The entire serial number is SF58285:
SF = Starfire
5 = 5 inch diameter
8 = f/8 (nominally f/8.35)
285 = 285th 5 inch telescope made by Roland (NOT the 285th in this series, nor the 285th in this particular run, but the 285th 5 inch telescope of all types ever made by Roland up to this point). During a run, the serial numbers are only added as each set is tested and complete - and that is why the tube is not labelled with a serial number, only the edge of the lens set is, written there by Roland. Other marks which can be seen, especially on the 'older' optics are alignment marks for the rotation of the elements.
At some point Roland switched serial numbering to its current format. DDDFFSSS:
DDD= diameter in millimeters
FF = focal ratio
SSS = serial number
From everything I have gleaned over the years, there were 2 production runs of five inch Starfire EDT telescopes and both were 100% oil spaced. There were several prior makes and smaller runs of 5 inch telescopes which were NOT EDT, some of which were air spaced. The first runs of 5" EDT were possibly made from some surplus 155mm glass which did not make the cut for edge defects or inclusions or whatever reason. These telescopes are labeled f8 on the lens cell but are nominally f8.35. (155mm f/7.1 cut down to 130mm results in f/8.35). As well, there is absolutely no point in remaking tooling to build slightly different focal ratios. These telescopes are effectively identical to the later run of Starfire f/8.35 EDT scopes.
There was one run of 130 EDT f/8.35 scopes labelled as such on the cell which were made over a two year split run period. These were possibly made directly from new glass but used the same tooling as was used with the 155 f7 scopes. These were 130EDT were produced only for this period and then dropped from production as almost the entire demand was for the faster f/6 130EDF (nominally f/6.3!) scopes. ...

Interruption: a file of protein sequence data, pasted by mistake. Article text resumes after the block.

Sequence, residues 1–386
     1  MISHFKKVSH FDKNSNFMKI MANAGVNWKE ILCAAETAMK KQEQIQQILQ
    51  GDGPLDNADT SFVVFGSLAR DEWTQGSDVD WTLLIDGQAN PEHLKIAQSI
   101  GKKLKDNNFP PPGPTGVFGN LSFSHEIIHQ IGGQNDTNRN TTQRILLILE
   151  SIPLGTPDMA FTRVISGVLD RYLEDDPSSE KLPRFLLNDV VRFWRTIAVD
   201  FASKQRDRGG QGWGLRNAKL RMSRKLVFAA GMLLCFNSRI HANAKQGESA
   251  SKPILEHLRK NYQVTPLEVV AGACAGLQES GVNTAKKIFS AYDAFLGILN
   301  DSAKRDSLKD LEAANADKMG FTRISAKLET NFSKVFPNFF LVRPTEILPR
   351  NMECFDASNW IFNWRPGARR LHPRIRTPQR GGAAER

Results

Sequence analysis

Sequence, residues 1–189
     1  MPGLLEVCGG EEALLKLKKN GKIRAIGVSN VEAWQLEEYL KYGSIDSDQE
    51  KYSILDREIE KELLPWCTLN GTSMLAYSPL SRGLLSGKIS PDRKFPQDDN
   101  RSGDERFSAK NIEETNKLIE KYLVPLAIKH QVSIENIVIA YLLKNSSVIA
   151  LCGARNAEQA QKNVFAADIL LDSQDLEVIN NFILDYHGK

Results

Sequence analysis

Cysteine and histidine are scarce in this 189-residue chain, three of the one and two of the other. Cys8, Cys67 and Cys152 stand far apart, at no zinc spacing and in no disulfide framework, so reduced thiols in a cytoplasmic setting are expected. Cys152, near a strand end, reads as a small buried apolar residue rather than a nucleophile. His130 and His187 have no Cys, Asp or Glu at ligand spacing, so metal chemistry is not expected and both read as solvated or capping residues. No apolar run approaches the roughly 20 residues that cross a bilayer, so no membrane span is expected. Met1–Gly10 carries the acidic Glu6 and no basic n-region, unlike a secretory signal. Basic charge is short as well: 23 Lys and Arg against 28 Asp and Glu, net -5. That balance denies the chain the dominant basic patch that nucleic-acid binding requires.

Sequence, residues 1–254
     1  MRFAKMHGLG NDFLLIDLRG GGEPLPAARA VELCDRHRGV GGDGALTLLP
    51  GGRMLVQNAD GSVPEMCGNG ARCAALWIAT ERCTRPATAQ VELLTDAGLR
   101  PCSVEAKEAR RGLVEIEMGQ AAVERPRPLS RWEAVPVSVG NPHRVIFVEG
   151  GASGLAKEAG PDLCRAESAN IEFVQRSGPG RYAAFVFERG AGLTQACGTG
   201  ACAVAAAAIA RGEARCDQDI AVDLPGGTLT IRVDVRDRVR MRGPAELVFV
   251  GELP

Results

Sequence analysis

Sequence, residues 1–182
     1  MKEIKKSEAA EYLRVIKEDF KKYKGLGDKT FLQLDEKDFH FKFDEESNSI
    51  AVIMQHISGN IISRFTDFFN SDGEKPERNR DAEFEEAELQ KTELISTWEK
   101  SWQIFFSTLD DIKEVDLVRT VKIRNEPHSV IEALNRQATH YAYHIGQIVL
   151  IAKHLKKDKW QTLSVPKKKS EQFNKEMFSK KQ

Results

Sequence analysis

At any rate, as a visual observer, Thomas Back absolutely loved the Starfire EDT. I have a friend with the f8 and another with the f8.35. At some point I hope we can get these scopes together for a night of side by side viewing pleasure.
The information on serial-number conventions of AP scopes provided in this post is helpful and welcome. But it appears that the serial numbers of the much discussed AP 130 f8.35 FPL-53 versions departed somewhat from these conventions. There was a long CN thread in 2014 discussing prices of used AP scopes and focused on one particular offering of a used f8.35 that included several reports of f8.35 serial numbers, for both those in the first run, marked 'f8' on their rings, and those in the second run, marked 'f8.35.'
The serial-number reports were summarized in that thread, also by M13 Observer, as follows:
"Awesome, so now we 'know'. For AP130EDT telescopes, 131xxxEDF or 131EDFxx are the serial numbers of the AP130EDT f8.35 using FPL-53. We can make an assumption that the first run, likely ALL engraved with F8 on the retaining ring, goes from 131000EDF to least 131026EDF, and if Roland's comments can be relied upon, likely to around 131032EDF. The second and final run marked 131EDF33 (?) to at least 131EDF60, and likely to 131EDF64 is engraved with F8.35 on the retaining ring. Not definitive but probably quite close."
The f8.35 serial numbers thus had '131' in the 'aperture-diameter (mm)' field, included the design designation 'EDF' either after the actual serial number in the first run, or before it in the second run, and did not include a focal-length designation. (While the f8.35's design is in the 'EDF' group, it was named an 'EDT' to avoid confusion with the shorter focal length AP 130 f6 model offered at the same time; <http://astro-physics...edt/130f8edt>.)
M13 Observer's post in the present thread is absolutely right about Thomas Back's admiration for the AP 130 f8.35. In his 'Brief History of Astro-Physics Lenses,' he singled it out with the phrase "what a sweet telescope," and elsewhere cited it as ""truly Roland's finest moment" among AP scopes he had inspected, and as the inspiration for design of his own legendary TMB 130 f9.23 (aka 'f9.25') to replace it. See TMB's comments in <https://groups.yahoo...s/topics/26535>
Thomas Back's own AP 130 f8.35 was from the first run; the TMB 130 f9.25 was designed and produced after that run and before the second run. That sequence is described in a fascinating account of the history of TMB's 130 f9.25 by 'MrGrytt' (Harvey), relating his own involvement in it. He reported that, disappointed in the apparent discontinuation of the AP 130 f8.35 after the first run and before he had become eligible to buy one, he pressed Thomas Back to design a substitute. The result was the TMB 130 f9.25, and Harvey obtained essentially the first available production model of that scope, then was informed of the second run of AP f8.35's and the rise of his application for one to the top of the AP list. So, in the end, he got one of those, too! The story was outlined by Harvey in CN thread <https://www.cloudyni...to-tmb-optical/> and is well worth reading.